This section provides guidelines on setting thread pool system variables for best performance, measured using a metric such as transactions per second.
thread_pool_size is the most
important parameter controlling thread pool performance. It
can be set only at server startup. Our experience in testing
the thread pool indicates the following:
If the primary storage engine is
InnoDB, the optimal
is likely to be between 16 and 36, with the most common
optimal values tending to be from 24 to 36. We have not
seen any situation where the setting has been optimal
beyond 36. There may be special cases where a value
smaller than 16 is optimal.
For workloads such as DBT2 and Sysbench, the optimum for
InnoDB seems to be usually
around 36. For very write-intensive workloads, the optimal
setting can sometimes be lower.
If the primary storage engine is
should be fairly low. We tend to get optimal performance
for values from 4 to 8. Higher values tend to have a
slightly negative but not dramatic impact on performance.
Another system variable,
important for handling of blocked and long-running statements.
If all calls that block the MySQL Server are reported to the
thread pool, it would always know when execution threads are
blocked. However, this may not always be true. For example,
blocks could occur in code that has not been instrumented with
thread pool callbacks. For such cases, the thread pool must be
able to identify threads that appear to be blocked. This is
done by means of a timeout, the length of which can be tuned
system variable. This parameter ensures that the server does
not become completely blocked. The value of
an upper limit of 6 seconds to prevent the risk of a
enables the thread pool to handle long-running statements. If
a long-running statement was permitted to block a thread
group, all other connections assigned to the group would be
blocked and unable to start execution until the long-running
statement completed. In the worst case, this could take hours
or even days.
The value of
should be chosen such that statements that execute longer than
its value are considered stalled. Stalled statements generate
a lot of extra overhead since they involve extra context
switches and in some cases even extra thread creations. On the
other hand, setting the
parameter too high means that long-running statements will
block a number of short-running statements for longer than
necessary. Short wait values permit threads to start more
quickly. Short values are also better for avoiding deadlock
situations. Long wait values are useful for workloads that
include long-running statements, to avoid starting too many
new statements while the current ones execute.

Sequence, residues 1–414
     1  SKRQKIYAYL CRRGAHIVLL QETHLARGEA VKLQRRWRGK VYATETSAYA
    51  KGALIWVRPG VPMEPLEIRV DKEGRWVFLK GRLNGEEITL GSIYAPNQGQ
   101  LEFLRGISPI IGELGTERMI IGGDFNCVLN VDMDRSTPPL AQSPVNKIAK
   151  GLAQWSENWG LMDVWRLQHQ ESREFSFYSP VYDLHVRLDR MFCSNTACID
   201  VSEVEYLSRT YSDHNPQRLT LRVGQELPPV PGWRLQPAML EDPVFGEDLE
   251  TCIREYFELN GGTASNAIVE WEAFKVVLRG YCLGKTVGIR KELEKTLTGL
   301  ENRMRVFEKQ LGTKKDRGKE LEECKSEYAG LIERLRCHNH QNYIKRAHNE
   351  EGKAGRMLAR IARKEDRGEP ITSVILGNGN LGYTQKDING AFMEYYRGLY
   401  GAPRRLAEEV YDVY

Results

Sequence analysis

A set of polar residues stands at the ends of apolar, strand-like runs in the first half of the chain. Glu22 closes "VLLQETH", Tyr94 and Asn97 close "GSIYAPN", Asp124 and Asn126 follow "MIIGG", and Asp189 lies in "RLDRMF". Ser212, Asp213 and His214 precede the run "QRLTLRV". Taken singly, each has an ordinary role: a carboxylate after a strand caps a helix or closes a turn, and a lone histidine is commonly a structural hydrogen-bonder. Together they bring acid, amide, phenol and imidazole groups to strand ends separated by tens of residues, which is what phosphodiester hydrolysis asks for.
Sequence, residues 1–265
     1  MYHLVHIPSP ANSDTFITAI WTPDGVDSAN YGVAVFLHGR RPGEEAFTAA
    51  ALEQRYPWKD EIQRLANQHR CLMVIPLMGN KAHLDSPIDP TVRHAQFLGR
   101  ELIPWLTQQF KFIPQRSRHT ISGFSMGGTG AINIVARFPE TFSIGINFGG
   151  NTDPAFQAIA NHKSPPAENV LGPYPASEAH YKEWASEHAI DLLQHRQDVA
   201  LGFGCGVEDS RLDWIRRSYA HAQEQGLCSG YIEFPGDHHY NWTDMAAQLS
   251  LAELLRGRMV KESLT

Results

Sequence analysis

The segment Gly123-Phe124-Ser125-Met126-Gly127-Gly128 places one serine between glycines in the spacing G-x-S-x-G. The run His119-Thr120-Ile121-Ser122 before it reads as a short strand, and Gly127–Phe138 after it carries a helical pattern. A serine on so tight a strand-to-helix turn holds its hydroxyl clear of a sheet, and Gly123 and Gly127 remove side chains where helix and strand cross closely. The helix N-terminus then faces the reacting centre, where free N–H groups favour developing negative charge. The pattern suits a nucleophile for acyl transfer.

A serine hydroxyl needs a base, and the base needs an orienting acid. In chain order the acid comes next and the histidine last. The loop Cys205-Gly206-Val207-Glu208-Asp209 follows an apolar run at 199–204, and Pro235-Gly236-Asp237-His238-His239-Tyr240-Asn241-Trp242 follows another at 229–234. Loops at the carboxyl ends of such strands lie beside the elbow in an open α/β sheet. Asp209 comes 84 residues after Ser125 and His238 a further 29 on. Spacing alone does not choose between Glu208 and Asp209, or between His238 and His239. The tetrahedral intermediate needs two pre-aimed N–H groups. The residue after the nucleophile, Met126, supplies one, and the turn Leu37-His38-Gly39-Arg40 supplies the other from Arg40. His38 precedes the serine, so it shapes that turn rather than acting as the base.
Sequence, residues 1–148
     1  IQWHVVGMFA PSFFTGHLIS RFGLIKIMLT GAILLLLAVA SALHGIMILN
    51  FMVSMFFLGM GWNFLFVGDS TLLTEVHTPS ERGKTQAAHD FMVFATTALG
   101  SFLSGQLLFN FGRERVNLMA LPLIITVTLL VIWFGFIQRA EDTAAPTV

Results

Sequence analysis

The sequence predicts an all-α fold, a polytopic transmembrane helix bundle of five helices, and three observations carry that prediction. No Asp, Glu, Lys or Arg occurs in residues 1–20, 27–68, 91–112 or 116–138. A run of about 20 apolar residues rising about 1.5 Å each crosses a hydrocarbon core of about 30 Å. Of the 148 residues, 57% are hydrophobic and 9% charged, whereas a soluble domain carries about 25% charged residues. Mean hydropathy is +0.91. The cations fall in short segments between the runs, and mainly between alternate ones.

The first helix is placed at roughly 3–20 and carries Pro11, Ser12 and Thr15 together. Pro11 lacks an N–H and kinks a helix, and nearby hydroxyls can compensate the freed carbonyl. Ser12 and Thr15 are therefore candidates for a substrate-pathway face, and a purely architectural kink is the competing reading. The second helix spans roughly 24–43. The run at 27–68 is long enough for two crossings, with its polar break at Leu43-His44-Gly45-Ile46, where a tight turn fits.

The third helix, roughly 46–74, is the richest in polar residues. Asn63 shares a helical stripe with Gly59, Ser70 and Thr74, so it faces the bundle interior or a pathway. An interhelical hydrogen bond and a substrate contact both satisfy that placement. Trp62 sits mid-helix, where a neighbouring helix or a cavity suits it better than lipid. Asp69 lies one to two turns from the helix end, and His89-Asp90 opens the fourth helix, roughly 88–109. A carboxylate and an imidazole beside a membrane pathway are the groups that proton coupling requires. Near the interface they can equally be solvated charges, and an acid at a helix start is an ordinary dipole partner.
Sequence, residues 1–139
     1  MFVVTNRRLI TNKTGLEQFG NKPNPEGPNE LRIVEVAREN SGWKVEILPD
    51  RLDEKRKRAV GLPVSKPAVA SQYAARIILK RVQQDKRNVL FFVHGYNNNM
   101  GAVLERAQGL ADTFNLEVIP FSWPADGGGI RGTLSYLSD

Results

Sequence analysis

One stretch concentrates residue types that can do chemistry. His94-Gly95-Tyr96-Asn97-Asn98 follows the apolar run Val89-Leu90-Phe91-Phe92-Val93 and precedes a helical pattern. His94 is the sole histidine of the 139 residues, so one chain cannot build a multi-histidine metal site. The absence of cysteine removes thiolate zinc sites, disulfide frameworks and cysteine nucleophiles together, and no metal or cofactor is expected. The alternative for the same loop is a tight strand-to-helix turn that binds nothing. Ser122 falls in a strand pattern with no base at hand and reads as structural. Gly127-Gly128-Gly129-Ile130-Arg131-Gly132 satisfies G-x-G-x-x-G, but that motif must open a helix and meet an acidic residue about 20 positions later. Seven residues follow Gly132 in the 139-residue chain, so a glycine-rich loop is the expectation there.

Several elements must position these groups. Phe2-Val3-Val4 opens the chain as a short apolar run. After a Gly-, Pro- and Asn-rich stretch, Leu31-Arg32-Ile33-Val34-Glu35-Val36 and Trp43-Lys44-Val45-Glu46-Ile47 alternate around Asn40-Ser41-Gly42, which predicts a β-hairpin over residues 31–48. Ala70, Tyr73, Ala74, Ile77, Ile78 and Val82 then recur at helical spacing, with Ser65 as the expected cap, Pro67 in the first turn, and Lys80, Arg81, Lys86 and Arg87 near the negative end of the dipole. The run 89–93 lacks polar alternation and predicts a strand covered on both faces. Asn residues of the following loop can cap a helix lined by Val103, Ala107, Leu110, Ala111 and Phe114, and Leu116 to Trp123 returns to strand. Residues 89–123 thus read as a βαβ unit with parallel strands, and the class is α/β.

Suppose a server executes a workload where 99.9% of the
statements complete within 100ms even when the server is
loaded, and the remaining statements take between 100ms and 2
hours fairly evenly spread. In this case, it would make sense
thread_pool_stall_limit to 10
(meaning 100ms). The default value of 60ms is okay for servers
that primarily execute very simple statements.
parameter can be changed at runtime to enable you to strike a
balance appropriate for the server work load. Assuming that
TP_THREAD_GROUP_STATS table is enabled,
you can use the following query to determine the fraction of
executed statements that stalled:
SELECT SUM(STALLED_QUERIES_EXECUTED) / SUM(QUERIES_EXECUTED) FROM information_schema.TP_THREAD_GROUP_STATS;
This number should be as low as possible. To decrease the
likelihood of statements stalling, increase the value of
When a statement arrives, what is the maximum time it can be delayed before it actually starts executing? Suppose that the following conditions apply:
In the worst case, the 10 high-priority statements represent 10 transactions that continue executing for a long time. Thus, in the worst case, no statements will be moved to the high-priority queue because it will always already contain statements awaiting execution. After 10 seconds, the new statement is eligible to be moved to the high-priority queue. However, before it can be moved, all the statements before it must be moved as well. This could take another 2 seconds because a maximum of 100 statements per second are moved to the high-priority queue. Now when the statement reaches the high-priority queue, there could potentially be many long-running statements ahead of it. In the worst case, every one of those will become stalled and it will take 1 second for each statement before the next statement is retrieved from the high-priority queue. Thus, in this scenario, it will take 222 seconds before the new statement starts executing.
This example shows a worst case for an application. How to handle it depends on the application. If the application has high requirements for the response time, it should most likely throttle users at a higher level itself. Otherwise, it can use the thread pool configuration parameters to set some kind of a maximum waiting time.
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